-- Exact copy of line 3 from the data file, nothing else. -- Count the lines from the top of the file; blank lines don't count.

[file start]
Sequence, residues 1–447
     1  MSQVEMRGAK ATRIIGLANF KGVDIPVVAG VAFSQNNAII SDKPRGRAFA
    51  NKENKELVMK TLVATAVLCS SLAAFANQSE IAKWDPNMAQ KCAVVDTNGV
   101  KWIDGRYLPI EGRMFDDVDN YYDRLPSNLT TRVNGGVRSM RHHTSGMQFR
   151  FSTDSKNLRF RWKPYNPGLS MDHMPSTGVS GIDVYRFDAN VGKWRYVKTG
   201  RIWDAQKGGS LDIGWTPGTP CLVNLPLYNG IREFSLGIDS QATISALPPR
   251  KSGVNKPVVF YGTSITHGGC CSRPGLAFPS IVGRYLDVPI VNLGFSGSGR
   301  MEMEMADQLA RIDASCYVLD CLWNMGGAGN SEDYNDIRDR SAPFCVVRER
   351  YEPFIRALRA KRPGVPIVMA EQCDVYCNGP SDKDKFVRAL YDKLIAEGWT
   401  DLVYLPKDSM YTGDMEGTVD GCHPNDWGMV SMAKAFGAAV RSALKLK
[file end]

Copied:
    51  NKENKELVMK TLVATAVLCS SLAAFANQSE IAKWDPNMAQ KCAVVDTNGV